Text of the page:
Gary Andersen had to break the news to his players over Zoom. The Mountain West Conference had just axed all fall sports, including football, ending the 2020 Utah State season before it had a chance to hold workouts scheduled to resume Aug. 24.

Days prior, the MW announced a pandemic-shortened season. But that was before some of the biggest conferences in the country decided fall sports was too risky. As of Thursday, the Pac 12, Big 10, Ivy League and many others won’t play fall seasons. In Utah, BYU is the last program standing.

Now the Aggies are left to pick up the pieces of a season that already got cracked when spring practices were canceled in March at the start of the COVID-19 pandemic.

“It’s a very difficult time,” Andersen said Wednesday in a conference call this week with reporters.

Andersen said the situation is “extremely disappointing” for everyone involved, but spoke in favor of the conference’s decision to cancel the season. He called it a “slam dunk,” particularly with the specific situation for the Aggies in regards to positive coronavirus tests.

Andersen did not specify how many people within the football program tested positive. While he described the number as “not substantial,” he said it would have been difficult to field a full-strength team or even an entire position group.

The reason for that, Andersen said, had to do more with contact tracing than a slew of players contracting the virus.

“It gets very difficult as you go through track the young men that are involved and the amount of days that they lose,” Andersen said. “That’s where it gets difficult. It’s not the true ‘Oh we had a bunch of kids that had it.’ It’s the tracking that, in my opinion, is the very hard part to make so it a football team can functionally put a quality product out there on the field.”

The MW said earlier this week that it would explore rescheduling fall sports, including possibly holding the season in the spring of 2021. Andersen balked at that idea because it would mean essentially playing two full seasons in one calendar year.

He believes a spring season is “not feasible” and potentially detrimental to player health.

“I’m always going to be in it for kids. I’m never going to stop saying that,” Andersen said. “That is not a possibility for our young men to play 20-plus football games in a year if I have anything to do with this decision.”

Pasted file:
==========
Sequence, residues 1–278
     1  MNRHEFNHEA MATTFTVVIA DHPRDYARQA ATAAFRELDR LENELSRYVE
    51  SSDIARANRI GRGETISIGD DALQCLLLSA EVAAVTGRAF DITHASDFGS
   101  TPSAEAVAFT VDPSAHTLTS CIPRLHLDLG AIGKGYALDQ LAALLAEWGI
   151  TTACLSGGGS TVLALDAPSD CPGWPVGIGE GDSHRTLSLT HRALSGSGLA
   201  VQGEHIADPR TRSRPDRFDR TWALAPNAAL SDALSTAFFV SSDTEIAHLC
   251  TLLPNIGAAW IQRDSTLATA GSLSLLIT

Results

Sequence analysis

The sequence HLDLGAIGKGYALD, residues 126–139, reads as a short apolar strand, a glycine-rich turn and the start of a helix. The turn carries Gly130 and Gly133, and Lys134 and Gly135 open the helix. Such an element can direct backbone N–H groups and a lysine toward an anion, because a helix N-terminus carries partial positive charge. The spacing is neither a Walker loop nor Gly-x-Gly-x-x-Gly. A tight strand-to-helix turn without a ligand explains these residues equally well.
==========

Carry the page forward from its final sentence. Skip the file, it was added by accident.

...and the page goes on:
Andersen hopes that in the coming months the NCAA will allow some kind of activity in the fall, perhaps similar to what teams do in a normal spring. In the meantime, however, Aggies players will be expected to hit the books.

Andersen said he’ll ask players to increase their course load from 12 to at least 15 units. And, he’ll encourage strongly that players attend in-person classes so they’re part of the general campus population as much as possible.

“Quite frankly, we’re going to put our kids into as many classes as we can that are in-person classes — whatever that looks like in the different classes that they’re going through,” Andersen said. “We need that.”

Players were allowed to go home and decompress until the school semester starts at USU on Aug. 31, Andersen said. After two weeks of allowing them to acclimate to schoolwork, the football team will begin an offseason program similar to what it does every January.

Andersen plans to speak to every player individually about what happened to the season. He said they reacted with confusion, but also a sense of relief that there’s finally a concrete sense of direction for the near future.

Off the field, Andersen said he and the rest of the coaches are going to continue engaging with their players as much as possible, which is normally what they do anyway.

“Our coaches are going to be around them a lot,” Andersen said.

While the past few months have been more than challenging for the Aggies, Andersen has found some positives out of the experience.

“I’m proud of the way these kids have grown, I’m proud of the way they’ve developed,” Andersen said, adding that even he and his staff have become better coaches through this experience. “I don’t like what’s been taken away from them. But they understand that it’s probably the best interest for them that they’re not playing right now.”